Will The World Love The Night?
Light in the early evening
August sky awes me. Sunset
closes; streaky luminous clouds,
some dense, deep gray, others
radiant, gauzy white, shift and
travel across brilliant blue, longing
for the sun to descend and
relinquish its province on this half
of earth. With no animosity, the full
pale moon hovers, above the horizon,
Illuminating darkening sky in light
resplendent. I am tempted to disavow
the sun for ever changing night, with
its muted hues, dusky clouds, shadows,
and abstractions. Yet the moon, in all
its phases needs no ego, for it is but
a mirror, extending the jealous sun's
resolute dominion over our universe.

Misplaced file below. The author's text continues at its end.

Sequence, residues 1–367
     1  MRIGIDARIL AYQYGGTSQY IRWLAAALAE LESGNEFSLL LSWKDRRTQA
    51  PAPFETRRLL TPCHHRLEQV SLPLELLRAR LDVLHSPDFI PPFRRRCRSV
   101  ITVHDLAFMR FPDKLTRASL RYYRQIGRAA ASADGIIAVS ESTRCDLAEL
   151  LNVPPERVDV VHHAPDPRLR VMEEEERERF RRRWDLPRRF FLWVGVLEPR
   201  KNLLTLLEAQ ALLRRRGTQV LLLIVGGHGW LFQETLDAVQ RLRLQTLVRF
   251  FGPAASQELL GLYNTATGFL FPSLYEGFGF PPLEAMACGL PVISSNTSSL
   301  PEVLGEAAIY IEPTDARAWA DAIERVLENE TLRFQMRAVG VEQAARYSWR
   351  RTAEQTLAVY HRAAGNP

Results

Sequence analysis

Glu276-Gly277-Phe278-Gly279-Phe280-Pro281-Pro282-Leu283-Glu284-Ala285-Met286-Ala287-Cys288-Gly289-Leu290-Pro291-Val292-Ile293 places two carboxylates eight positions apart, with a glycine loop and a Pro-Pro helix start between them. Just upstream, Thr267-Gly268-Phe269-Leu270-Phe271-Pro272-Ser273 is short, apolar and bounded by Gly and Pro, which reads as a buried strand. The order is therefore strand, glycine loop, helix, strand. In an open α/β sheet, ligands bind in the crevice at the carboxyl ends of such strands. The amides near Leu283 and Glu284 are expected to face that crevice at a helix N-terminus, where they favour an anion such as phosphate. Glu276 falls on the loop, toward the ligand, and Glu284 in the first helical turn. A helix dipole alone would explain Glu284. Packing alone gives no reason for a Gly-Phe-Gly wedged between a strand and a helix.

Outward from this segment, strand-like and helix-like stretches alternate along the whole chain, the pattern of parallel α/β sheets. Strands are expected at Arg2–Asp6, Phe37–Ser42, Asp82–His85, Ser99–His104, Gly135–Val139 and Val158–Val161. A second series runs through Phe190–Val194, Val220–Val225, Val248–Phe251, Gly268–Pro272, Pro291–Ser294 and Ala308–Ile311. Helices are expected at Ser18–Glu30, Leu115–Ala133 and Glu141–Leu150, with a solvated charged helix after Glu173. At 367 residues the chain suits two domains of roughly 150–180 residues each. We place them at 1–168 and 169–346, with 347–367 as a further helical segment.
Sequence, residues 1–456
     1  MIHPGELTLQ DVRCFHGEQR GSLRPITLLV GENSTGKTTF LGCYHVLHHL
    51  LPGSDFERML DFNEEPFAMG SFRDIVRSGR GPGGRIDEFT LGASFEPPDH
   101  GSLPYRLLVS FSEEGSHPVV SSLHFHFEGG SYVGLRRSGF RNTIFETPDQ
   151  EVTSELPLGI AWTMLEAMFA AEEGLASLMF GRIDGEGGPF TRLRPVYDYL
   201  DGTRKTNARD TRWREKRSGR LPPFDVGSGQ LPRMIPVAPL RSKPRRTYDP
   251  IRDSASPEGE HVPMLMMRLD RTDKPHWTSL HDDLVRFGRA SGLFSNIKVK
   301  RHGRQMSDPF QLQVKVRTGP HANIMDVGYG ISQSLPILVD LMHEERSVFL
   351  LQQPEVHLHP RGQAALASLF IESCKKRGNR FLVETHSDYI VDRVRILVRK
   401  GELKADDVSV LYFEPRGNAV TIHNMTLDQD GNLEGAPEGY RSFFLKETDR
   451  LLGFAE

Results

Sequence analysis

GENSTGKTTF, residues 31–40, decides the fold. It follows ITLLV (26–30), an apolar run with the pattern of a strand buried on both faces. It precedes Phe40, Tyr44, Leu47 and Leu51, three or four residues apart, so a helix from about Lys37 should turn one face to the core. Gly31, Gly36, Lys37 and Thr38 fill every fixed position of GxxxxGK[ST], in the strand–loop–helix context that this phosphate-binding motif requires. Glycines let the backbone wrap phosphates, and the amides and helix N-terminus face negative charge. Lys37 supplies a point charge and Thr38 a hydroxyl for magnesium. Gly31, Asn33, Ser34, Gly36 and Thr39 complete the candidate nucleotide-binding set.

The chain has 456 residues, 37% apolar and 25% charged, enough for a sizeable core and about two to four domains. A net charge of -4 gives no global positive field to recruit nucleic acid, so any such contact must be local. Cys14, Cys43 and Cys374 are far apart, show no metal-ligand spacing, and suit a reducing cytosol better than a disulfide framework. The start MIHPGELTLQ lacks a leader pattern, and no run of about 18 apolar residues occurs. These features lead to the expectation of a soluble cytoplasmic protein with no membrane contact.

I am weary.
Days add up, years rush by.
Recollections ride a comet's tail
miles long, scattering forgotten
souvenirs into deep space.
My galaxy, as far away as it is
under my nose.
I travel a stunted elliptical orbit,
circling events and objects in
Births, deaths, and any flotsam
in-between define my Milky Way,
ever evolving in an assuredly
What comes around, goes around.
Houston, we have a problem!
** 1st Honorable Mention, South
Florida Chapter of the National Writers Association, 2003
On certain days in early
March I gaze out my window
and behold the southern sky
glimmer in the late sunset.
Pink-hued clouds lit from below
scatter across pale sky. Light is
different here in South Florida
near winter's end. Flat and even,
it settles around trees, houses,
and bodies with a warm tint,
casting no shadows. As the sun
slides under the horizon, glow fades,
light dulls to dusk, shadows form
and deepen, clouds melt away.
A glorious half-hour before nightfall.
Look west, look up.
**3rd Honorable Mention, Cat.
11, 2004 FSPA Annual Contest